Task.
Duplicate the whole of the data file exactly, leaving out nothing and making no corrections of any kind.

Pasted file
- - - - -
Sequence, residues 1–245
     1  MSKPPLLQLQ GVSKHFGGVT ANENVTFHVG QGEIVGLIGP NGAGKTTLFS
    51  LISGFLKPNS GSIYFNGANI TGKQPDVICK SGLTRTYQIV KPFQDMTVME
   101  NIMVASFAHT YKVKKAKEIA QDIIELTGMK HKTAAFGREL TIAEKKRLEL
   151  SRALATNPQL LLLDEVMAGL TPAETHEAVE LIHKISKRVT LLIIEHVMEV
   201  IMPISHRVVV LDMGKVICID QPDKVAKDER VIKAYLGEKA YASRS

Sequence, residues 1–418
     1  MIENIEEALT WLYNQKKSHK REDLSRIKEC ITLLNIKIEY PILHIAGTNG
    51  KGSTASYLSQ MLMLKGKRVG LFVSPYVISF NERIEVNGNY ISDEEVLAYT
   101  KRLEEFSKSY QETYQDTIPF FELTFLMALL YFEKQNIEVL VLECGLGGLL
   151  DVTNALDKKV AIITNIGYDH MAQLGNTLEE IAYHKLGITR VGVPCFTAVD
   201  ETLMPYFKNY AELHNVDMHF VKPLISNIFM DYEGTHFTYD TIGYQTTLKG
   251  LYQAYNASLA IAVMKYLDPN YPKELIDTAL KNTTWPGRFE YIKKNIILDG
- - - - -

Sequence, residues 1–245
     1  MSKPPLLQLQ GVSKHFGGVT ANENVTFHVG QGEIVGLIGP NGAGKTTLFS
    51  LISGFLKPNS GSIYFNGANI TGKQPDVICK SGLTRTYQIV KPFQDMTVME
   101  NIMVASFAHT YKVKKAKEIA QDIIELTGMK HKTAAFGREL TIAEKKRLEL
   151  SRALATNPQL LLLDEVMAGL TPAETHEAVE LIHKISKRVT LLIIEHVMEV
   201  IMPISHRVVV LDMGKVICID QPDKVAKDER VIKAYLGEKA YASRS

Sequence, residues 1–418
     1  MIENIEEALT WLYNQKKSHK REDLSRIKEC ITLLNIKIEY PILHIAGTNG
    51  KGSTASYLSQ MLMLKGKRVG LFVSPYVISF NERIEVNGNY ISDEEVLAYT
   101  KRLEEFSKSY QETYQDTIPF FELTFLMALL YFEKQNIEVL VLECGLGGLL
   151  DVTNALDKKV AIITNIGYDH MAQLGNTLEE IAYHKLGITR VGVPCFTAVD
   201  ETLMPYFKNY AELHNVDMHF VKPLISNIFM DYEGTHFTYD TIGYQTTLKG
   251  LYQAYNASLA IAVMKYLDPN YPKELIDTAL KNTTWPGRFE YIKKNIILDG